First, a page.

Frank Hyneman Knight
The Concise Encyclopedia of Economics

Frank Hyneman Knight

Frank H. Knight was one of the founders of the so-called Chicago school of economics, of which Milton Friedman and George Stigler were the leading members from the fifties to the eighties. Knight made his reputation with his book Risk, Uncertainty, and Profit, which was based on his Ph.D. dissertation. In it Knight set out to explain why perfect competition would not necessarily eliminate profits. His explanation was "uncertainty," which Knight distinguished from risk. According to Knight risk refers to a situation where the probability of an outcome could be determined, and therefore, the outcome could be insured against. Uncertainty, by contrast, referred to an event whose probability could not be known. Knight argued that even in long-run equilibrium, entrepreneurs would earn profits as a return for their putting up with uncertainty. Knight's distinction between risk and uncertainty is still taught in economics classes today.

Knight made three other important contributions to economics. One was The Economic Organization, a set of lecture notes originally published in 1933. In it he lays out the circular flow model of the economy and emphasizes that investments will be made until the returns to investments in each use are equal at the margin. These elements still survive in textbooks today.

Another of Knight's contributions to economics was in his famous article "Some Fallacies in the Interpretation of Social Cost," in which he took on Pigou's view that congestion of roads justified taxation of roads. Knight showed that if roads were privately owned, road owners would set tolls that would reduce congestion. Therefore, no government intervention was required.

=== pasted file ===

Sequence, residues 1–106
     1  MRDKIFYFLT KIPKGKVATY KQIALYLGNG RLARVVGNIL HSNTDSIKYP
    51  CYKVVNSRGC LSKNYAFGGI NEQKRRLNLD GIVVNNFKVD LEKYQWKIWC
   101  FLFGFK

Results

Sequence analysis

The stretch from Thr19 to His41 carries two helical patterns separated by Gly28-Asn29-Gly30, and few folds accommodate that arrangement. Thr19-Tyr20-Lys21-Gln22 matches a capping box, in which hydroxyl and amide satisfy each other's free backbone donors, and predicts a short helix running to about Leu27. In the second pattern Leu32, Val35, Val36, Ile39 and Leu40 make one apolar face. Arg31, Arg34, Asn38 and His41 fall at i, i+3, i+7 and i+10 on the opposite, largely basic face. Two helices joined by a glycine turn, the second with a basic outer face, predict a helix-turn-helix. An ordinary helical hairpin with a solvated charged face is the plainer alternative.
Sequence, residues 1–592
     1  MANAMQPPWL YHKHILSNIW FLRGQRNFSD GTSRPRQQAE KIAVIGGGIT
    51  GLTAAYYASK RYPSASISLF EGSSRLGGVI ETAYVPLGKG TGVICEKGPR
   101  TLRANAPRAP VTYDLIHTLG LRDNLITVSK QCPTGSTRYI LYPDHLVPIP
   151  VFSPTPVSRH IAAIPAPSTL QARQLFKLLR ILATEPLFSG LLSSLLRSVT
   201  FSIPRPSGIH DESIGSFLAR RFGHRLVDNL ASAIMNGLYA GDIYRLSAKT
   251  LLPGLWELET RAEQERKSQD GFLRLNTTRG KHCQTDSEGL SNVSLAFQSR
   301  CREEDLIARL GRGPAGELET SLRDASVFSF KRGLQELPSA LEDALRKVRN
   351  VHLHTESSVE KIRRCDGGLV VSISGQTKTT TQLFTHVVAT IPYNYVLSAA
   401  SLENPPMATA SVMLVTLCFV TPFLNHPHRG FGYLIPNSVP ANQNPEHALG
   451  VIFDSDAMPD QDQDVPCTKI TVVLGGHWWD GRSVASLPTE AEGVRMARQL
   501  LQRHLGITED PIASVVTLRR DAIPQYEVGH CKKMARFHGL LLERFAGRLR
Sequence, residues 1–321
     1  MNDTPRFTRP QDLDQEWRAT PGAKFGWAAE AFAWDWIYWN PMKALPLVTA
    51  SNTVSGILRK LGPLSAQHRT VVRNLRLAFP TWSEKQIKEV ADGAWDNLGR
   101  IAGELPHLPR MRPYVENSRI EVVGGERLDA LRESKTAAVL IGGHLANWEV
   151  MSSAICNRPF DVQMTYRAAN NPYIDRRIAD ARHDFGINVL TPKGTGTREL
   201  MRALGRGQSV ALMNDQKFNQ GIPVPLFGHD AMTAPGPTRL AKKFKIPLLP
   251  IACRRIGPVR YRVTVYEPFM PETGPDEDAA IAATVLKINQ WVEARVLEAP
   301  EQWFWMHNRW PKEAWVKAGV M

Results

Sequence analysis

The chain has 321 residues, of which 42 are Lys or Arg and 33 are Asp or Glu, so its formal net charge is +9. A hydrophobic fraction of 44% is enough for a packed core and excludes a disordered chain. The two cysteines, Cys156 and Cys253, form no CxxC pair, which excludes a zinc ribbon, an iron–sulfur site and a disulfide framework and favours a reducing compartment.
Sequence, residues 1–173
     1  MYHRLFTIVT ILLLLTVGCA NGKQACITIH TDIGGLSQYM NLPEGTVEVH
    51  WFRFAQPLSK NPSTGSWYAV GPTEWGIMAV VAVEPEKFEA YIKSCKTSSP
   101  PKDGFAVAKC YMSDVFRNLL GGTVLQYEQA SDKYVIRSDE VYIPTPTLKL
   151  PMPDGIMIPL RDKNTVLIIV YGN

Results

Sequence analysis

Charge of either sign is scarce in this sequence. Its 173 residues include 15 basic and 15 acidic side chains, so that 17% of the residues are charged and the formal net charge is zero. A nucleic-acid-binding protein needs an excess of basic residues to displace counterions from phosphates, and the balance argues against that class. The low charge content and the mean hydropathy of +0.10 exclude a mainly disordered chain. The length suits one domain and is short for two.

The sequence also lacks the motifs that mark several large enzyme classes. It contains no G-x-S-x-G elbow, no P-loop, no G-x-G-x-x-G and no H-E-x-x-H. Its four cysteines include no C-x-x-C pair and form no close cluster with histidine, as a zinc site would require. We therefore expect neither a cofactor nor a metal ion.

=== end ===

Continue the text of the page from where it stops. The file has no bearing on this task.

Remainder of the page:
Knight's final contribution was his work on capital theory in the thirties. Knight criticized Böhm-Bawerk's view that capital could be measured as a period of production (see Böhm-Bawerk). Knight was seen to have won the debate over the Austrian concept of capital.

But Knight was much more than an economist. He was also a social philosopher, and most of his writings were in social philosophy rather than technical economics. A strong believer in freedom and a strong critic of social engineering, Knight worried that freedom would be undermined by increases in monopoly and in income inequality. George Stigler tells of Milton Friedman challenging Knight's view that inequality would increase, and Knight's relenting, only to take the same position at the next lunch.

Knight often despaired about whether even simple economic truths could be understood by the public. In his 1950 presidential address to the American Economic Association, Knight said:

Of late I have a new and depressing example of popular economic thinking, in the policy of arbitrary price-fixing. Can there be any use in explaining, if it is needful to explain, that fixing a price below the free-market level will create a shortage and one above it a surplus? But the public oh's and ah's and yips and yaps at the shortage of residential housing and surpluses of eggs and potatoes as if these things presented problems any more than getting one's footgear soiled by deliberately walking in the mud.

Knight was an economics professor at the University of Chicago from 1927 until 1955, after which he was emeritus professor until his death.

Selected Works

The Economic Organisation. 1951.

The Ethics of Competition, and Other Essays. 1935.

Freedom and Reform: Essays in Economics and Social Philosophy. 1947. Reprint, edited by J. M. Buchanan. 1982.

Risk, Uncertainty, and Profit. 1921.

"Cost of Production and Price Over Long and Short Periods," Journal of Political Economy vol. 29, no. 4 (1921): 304-335.

"Some Fallacies in the Interpretation of Social Cost." Quarterly Journal of Economics 38 (1924): 582-606.

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